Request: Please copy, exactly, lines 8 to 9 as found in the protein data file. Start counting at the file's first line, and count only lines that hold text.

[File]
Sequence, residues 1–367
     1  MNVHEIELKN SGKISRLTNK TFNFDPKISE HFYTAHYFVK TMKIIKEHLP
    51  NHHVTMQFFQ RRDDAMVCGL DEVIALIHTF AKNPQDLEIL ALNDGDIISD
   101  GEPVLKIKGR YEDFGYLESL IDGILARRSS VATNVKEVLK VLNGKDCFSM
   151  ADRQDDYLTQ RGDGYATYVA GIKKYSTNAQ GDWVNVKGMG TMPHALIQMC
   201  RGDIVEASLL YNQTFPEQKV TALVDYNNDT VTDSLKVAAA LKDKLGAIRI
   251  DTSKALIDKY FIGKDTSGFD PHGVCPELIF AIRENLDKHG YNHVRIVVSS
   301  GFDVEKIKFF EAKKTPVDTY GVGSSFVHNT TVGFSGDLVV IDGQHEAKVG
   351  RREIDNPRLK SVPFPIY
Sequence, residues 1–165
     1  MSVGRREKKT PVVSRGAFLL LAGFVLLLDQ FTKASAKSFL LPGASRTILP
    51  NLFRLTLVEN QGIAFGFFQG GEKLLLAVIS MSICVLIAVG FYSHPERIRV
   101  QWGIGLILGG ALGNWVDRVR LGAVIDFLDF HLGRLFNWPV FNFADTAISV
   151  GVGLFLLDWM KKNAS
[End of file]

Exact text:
   301  GFDVEKIKFF EAKKTPVDTY GVGSSFVHNT TVGFSGDLVV IDGQHEAKVG
   351  RREIDNPRLK SVPFPIY